My first exposure to golf was actually five years ago. My dad signed us up for lessons as a way to spend time together. I took lessons for a few months and picked up the basic skills quickly. During that time, I enjoyed the sport, but I really felt like I stuck out because the normal golf crowd doesn’t really look like me at all. It wasn’t a sport that my peers had much interest in, so if I was going to be spending time at the golf course, it would either be alone or with my dad and his friends. At the time, golf felt like something to add to my toolbelt along with other weird skills like playing the viola and training in Indian classical dance. Flash forward five years later, I’m graduating from business school and golf has turned into a relevant networking opportunity.
On April 18th, I had the privilege of attending a golf clinic organized by the Graduate Women’s Business Association (GWBA) along with several of my classmates pictured above. Four successful businesswomen who also happen to be successful golfers came to talk to us about why they got into golf and why they think it’s a valuable sport, skill and hobby for all of us. They talked about golf as a game of honor that teaches and fosters class, poise and self-confidence. Who couldn’t use more class, poise, and self-confidence?
Each one of them came into golf from a different background and each one of them continues to golf because it’s useful, but more importantly enjoyable. Susan Rheney talked about how golf helped her fit in better at work because she could leave work at the same time as her colleagues to get to the golf course. Candy Carson took up golf to get more exposure to senior management on the course, but primarily she got more interested in the sport as a way to get to know her dad who spent a lot of time on the course. Jennifer Dickey traded golf lessons for Japanese lessons as a way to exchange skills with clients and coworkers. Deb Agran got into golf after she saw how playing tennis in college helped her in the corporate world. She described the sport of golf as an equalizer because anyone can become good at it and anyone can have a bad day.
If you’re thinking about taking up golf either as a way to network or a way to stay active, do it! Here are a few golf tips from golfers much wiser than me:
1. Play scrambles – Recreationally, golf can be played in several different formats. A scramble is a good format for friendly play where beginners can be valuable and don’t necessarily slow down the game. A scramble starts with the entire group hitting the first shot from the same starting position. The shot with the best position is where the entire group hits the second shot. The second shot with the best position is where the entire group hits their third shot and so on. Golf is a sport where even the most inexperienced player can have a good shot every now and then, and even the most experienced player can have a rough shot every now and then. Scrambles are fun because you never know – you might be a new golfer, but chances are high that at some point in a 72-par course, your shot will be the best shot played.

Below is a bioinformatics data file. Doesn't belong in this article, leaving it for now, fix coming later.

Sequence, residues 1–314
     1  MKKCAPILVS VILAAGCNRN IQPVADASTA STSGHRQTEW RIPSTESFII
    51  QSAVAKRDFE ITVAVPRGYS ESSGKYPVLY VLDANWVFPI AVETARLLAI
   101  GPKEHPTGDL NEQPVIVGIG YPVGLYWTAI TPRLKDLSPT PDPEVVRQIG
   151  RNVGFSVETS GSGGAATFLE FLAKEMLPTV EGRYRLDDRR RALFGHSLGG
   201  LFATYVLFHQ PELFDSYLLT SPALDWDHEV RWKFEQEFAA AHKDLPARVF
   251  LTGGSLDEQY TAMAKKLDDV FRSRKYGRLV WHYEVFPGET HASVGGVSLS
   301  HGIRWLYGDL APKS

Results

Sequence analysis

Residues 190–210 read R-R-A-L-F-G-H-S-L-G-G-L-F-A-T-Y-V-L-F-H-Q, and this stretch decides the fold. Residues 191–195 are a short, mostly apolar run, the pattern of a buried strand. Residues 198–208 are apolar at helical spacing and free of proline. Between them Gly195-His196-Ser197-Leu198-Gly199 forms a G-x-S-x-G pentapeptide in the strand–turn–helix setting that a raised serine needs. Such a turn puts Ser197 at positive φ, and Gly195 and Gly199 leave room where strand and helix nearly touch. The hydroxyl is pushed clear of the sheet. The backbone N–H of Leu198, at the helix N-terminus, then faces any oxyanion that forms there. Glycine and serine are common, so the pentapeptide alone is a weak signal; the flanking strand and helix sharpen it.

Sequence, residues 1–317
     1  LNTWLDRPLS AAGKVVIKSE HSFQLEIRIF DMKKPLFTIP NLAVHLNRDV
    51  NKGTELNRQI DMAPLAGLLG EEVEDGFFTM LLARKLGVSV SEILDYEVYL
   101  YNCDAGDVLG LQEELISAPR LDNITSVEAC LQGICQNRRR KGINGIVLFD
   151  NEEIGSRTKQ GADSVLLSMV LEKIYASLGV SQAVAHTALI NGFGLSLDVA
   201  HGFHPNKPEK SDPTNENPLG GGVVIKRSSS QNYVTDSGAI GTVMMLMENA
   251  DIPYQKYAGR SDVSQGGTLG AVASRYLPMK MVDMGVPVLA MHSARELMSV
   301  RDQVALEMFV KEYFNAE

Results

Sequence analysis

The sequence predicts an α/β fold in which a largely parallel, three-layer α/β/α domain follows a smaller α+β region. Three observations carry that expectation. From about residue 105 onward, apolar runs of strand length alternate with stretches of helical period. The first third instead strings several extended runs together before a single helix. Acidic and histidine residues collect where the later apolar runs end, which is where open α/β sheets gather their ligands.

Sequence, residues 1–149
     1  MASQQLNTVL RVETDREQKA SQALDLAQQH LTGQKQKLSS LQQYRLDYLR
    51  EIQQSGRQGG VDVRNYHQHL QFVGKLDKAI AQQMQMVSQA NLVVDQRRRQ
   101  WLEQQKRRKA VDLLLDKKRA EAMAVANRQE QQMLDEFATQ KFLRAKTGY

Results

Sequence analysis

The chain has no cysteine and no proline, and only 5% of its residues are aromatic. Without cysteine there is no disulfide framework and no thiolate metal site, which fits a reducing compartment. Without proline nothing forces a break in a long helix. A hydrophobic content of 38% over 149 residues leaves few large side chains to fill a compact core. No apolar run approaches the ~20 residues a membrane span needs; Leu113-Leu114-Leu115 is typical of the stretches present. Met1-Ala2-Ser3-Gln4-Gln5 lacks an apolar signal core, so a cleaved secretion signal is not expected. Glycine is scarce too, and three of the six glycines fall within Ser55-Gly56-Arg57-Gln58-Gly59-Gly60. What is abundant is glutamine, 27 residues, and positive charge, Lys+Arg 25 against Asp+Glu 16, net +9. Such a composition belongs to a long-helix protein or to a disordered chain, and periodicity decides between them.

2. Maintain the pace of play – Often times golf outings are meant to be networking events where chatting is key. Golfers tend to be inclusive about bringing beginners into the golf world, but when to chat and when not to chat is critical to making sure you’re not getting in the way. First and foremost, it is important to leave personal space when it is someone’s turn to hit their shot. Leaving a reasonable distance between the golfer at the tee and your conversation with someone else is a good idea. Also, it is important to keep the pace of the game by monitoring the group in front of you and behind you. The idea is not to move so quickly that you’re rushing a group ahead of you and to not move so slowly that you’re holding up someone else’s game. If you do the latter, you may earn some sass from the team behind you that looks a little something like this:
1. Play 9 holes instead of 18 – Playing a shorter game is beneficial for two main reasons. First, networking is intimidating, and golf can be intimidating for a beginner too. Limiting the number of holes played can make the new situation more comfortable. Second, everyone is busy, and time is valuable. Instead of having to commit four hours to play 18 holes, committing two hours is more manageable. For example, golfing for two hours after work is often more realistic in terms of energy and other obligations than golfing for four hours after work. Besides, to get good at anything a lot of practice is required and spreading out that practice in two-hour blocks is more beneficial than playing less frequently for four hours at a time.
2. Spend 60% of your practice working on your short game – Driving ranges are a lot of fun. Specifically, hitting a golf ball with a driver as hard as you can is downright therapeutic. However, that shot makes up only one shot of every hole and it’s often one of the hardest shots to reliably control. The experts recommend spending a majority of time working on the short game instead. The best putters tend to be highly valued members of a scramble team. Check us out practicing our chipping:
Whether you’re an experienced golfer or a novice to the game, golf is a great networking opportunity and a skill you can learn at any age. A big thank you to the GWBA, the UGA Golf Course, and our guest speakers for inspiring us all to hit the links!